Kate Somerville At-A-Glance
Strengths: Provides complete ingredient lists on their website; effective Anti Bac Clearing Lotion for acne; good eczema cream; some fantastic serums and moisturizers chock-full of beneficial ingredients.
Weaknesses: Expensive; irritating cleansers and scrubs; several products contain irritating ingredients with no proven benefit for skin; disappointing CC cream.
The woman behind this line is a Los Angeles–based aesthetician who owns her own clinic, which specializes not only in aesthetic services but also in cosmetic corrective procedures involving injections (dermal fillers), lasers, Botox, and the like. The clinic is staffed with a doctor and nurses, which is definitely what you want if you're considering services beyond a facial or a massage.
The selling points of this line are Somerville's years of experience in the aesthetics industry and her allegedly devoted celebrity clientele. As such, her products and famous clientele get press in the pages of fashion magazines, which explains why we routinely get asked about this skin-care line. Somerville herself is every bit as attractive as her star clients, and the information on her Web site is presented in such a way that you sincerely believe she has your skin's best interests in mind. And wouldn't you want to trust your skin's needs to a professional who also tends to celebrities?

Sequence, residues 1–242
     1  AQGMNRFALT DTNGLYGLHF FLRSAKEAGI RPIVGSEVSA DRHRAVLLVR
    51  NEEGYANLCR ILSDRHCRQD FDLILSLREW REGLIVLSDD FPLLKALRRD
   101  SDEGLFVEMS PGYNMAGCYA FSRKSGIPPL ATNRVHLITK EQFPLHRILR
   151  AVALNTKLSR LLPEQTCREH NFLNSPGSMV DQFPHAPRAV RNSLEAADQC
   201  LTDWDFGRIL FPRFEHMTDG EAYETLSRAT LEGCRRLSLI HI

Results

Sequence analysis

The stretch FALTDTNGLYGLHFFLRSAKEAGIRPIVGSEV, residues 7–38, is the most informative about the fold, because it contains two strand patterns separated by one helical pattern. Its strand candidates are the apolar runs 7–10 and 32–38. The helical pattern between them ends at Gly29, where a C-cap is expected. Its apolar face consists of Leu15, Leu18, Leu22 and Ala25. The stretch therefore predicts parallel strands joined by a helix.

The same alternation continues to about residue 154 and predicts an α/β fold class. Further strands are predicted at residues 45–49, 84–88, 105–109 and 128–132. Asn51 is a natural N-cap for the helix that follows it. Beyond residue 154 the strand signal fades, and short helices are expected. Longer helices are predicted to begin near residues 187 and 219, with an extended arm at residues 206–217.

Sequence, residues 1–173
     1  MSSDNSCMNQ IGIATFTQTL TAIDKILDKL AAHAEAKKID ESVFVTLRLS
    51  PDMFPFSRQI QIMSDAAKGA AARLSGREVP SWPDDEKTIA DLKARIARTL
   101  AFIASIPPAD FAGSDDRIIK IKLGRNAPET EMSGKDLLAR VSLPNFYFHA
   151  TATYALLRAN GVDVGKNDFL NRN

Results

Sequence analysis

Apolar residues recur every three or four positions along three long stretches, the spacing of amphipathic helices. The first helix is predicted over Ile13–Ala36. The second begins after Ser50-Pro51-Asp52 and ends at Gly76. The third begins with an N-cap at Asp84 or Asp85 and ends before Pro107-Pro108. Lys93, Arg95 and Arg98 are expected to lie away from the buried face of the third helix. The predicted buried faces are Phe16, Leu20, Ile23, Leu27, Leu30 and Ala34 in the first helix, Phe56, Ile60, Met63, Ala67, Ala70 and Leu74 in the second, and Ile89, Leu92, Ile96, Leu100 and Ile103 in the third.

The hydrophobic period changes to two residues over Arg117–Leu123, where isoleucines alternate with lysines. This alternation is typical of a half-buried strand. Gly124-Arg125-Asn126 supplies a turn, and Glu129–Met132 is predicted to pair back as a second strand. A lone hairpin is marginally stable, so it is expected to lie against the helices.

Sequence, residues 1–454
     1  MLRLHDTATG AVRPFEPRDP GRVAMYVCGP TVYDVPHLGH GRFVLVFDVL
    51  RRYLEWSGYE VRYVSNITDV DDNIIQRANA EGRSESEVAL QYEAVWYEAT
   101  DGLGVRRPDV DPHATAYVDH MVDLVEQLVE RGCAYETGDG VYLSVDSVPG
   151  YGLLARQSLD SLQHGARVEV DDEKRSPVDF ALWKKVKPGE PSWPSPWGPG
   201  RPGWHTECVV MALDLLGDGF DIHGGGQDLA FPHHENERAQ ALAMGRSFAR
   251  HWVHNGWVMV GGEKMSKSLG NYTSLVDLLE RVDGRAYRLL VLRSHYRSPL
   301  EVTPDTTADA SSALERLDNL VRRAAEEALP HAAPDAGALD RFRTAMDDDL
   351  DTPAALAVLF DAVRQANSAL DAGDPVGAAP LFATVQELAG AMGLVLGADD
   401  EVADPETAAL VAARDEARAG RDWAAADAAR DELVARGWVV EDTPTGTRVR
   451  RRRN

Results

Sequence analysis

Knowing all these details, we were anticipating that most of the products bearing Somerville's name would be state-of-the-art slam dunks. Alas, many of them are far afield from that level of formulation. When it comes to giving skin what it needs to function as healthily and normally as possible (and, at these prices, that's what you should expect), this line is, unfortunately, hit or miss. What Somerville knows about giving an amazing facial is one thing, but she clearly missed the research that proves how problematic several of the plant oils that she uses can be. A professional concerned with the health of her clients' skin shouldn't be formulating products with cinnamon, grapefruit, and lavender oils, among others.